Exclusive! Delaware: 2018 MLR Rebate Payments (& potential 2019 rebates)
MLR rebate payments for 2018 are being sent out to enrollees even as I type this. The data for 2018 MLR rebates won't be officially posted for another month or so, but I've managed to acquire it early, and after a lot of number-crunching the data, I've recompiled it into an easy-to-read format.
But that's not all! In addition to the actual 2018 MLR rebates, I've gone one step further and have taken an early crack at trying to figure out what 2019 MLR rebates might end up looking like next year (for the Individual Market only). In order to do this, I had to make several very large assumptions:
- First, I assumed total enrollment for each carrier remains exactly the same year over year.
- Second, I assume the average 2019 rate changes I recorded for each carrier last fall are accurate.
- Third, I assume 2019 is seeing a 5% medical trendline on average...that is, that total 2019 claims per enrollee will be 5% higher than 2018's.
All three of these are very questionable, of course, but they at least provide a baseline.
All that being said, here's what the payments for 2018 going out this months look like in Delaware:
- Large Group Market rebates nearly tripled from $614,000 to $1.75 million
- Small Group Market rebates increased from $5.9 million to $6.5 million
- No Individual Market rebates for at least two years running.
NEXT year, however, could see huge Indy Market MLR rebates...potentially up to $10 million, which would be massive for a state as small as Delaware. Here's why: Highmark BCBS (the only carrier operating on Delaware's exchange) had a horrendous 100.6% MLR in 2016, which basically means they were losing money on the individual market even before adding operating expenses. In 2017 this dropped to 84%...but in 2018, it plummeted to just 71.6%, a massive overcorrection. This gave them an 84.5% 3-year average MLR, still way way over the 80% rebate threshold.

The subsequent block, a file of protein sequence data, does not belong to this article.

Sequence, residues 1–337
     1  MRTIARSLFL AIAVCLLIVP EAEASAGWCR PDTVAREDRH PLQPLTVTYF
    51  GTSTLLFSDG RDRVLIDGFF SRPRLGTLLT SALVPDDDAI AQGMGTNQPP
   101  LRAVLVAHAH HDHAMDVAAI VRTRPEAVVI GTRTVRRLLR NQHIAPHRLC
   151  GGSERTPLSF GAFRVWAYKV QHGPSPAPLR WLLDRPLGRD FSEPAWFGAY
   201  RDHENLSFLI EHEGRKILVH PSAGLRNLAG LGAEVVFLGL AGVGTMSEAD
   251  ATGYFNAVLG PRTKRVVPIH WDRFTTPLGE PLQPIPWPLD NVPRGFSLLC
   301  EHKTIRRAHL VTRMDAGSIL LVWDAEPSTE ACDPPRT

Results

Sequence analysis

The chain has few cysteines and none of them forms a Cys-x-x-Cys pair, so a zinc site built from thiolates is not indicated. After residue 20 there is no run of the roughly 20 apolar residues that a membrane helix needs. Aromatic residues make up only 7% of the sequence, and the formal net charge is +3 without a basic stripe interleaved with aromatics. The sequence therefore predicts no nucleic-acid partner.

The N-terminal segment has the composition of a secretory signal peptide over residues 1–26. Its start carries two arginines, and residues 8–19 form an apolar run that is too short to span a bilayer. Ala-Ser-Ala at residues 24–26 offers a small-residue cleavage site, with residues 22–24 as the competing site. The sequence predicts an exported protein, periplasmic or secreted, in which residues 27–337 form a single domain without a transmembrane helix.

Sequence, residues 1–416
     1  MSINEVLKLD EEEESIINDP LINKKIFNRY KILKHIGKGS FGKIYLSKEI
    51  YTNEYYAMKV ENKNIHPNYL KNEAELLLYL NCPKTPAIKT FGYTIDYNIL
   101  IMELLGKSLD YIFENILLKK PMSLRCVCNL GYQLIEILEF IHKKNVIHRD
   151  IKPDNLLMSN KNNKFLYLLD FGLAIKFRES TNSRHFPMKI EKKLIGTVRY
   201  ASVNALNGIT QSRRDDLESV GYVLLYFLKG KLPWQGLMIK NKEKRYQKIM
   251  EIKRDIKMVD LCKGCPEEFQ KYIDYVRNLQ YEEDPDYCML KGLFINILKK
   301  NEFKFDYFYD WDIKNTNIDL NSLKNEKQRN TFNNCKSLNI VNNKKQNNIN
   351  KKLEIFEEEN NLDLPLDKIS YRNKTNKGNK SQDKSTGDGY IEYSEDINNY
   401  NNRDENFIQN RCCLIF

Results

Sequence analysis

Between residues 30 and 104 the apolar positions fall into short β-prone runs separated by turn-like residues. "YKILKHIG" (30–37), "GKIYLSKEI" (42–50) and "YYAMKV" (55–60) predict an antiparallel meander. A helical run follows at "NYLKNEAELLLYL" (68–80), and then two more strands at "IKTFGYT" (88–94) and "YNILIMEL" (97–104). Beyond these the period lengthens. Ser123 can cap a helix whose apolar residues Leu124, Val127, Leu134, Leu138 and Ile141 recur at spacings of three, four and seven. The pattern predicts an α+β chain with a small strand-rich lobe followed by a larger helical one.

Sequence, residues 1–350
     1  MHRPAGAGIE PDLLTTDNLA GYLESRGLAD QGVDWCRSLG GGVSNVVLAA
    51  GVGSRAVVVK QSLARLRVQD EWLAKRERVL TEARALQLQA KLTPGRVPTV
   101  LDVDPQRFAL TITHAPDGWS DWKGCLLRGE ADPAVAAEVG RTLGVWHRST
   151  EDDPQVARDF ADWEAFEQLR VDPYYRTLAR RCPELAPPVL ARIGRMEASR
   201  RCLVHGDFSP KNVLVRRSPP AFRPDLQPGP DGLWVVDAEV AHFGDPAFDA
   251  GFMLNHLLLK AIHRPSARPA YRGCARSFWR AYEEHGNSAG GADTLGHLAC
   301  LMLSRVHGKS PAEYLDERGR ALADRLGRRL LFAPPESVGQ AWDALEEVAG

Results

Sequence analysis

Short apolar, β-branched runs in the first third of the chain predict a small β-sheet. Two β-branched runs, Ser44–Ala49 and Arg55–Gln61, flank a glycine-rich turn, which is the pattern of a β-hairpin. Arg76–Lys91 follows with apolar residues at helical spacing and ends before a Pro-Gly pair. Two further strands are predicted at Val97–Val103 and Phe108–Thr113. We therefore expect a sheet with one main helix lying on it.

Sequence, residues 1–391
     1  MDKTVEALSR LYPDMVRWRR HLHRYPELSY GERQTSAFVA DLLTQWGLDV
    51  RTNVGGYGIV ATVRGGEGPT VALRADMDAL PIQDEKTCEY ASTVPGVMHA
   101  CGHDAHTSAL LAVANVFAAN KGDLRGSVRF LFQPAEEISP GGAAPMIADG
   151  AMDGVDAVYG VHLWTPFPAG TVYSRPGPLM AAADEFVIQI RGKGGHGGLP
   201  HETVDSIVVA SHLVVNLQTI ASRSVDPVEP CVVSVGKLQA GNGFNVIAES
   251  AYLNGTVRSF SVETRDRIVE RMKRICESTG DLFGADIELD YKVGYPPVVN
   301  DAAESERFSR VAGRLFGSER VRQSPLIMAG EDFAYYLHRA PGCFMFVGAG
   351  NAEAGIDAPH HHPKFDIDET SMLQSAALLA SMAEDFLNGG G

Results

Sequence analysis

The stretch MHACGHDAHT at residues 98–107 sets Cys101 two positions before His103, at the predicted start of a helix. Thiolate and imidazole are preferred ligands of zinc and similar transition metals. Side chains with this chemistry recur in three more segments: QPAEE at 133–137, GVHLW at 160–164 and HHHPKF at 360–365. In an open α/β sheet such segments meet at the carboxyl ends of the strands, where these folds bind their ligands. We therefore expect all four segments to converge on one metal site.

For 2019, however, after raising their rates 3%, Highmark could be looking at another low-70's MLR for the year...and with 2016 dropping off the average, that means they'll be weighting 84%, 71.6% and perhaps 73%, which could bring them in at around 75%. If so, that would mean they'd have to pay back a full 5% of their 2018 premiums to enrollees:
AGAIN: There's absolutely no guarantee that things will play out this way. It's possible that none of these carriers will make MLR payments next year, or only some of them will, or the amounts will be smaller. These 2019 projections are pure speculation on my part based on a number of big assumptions.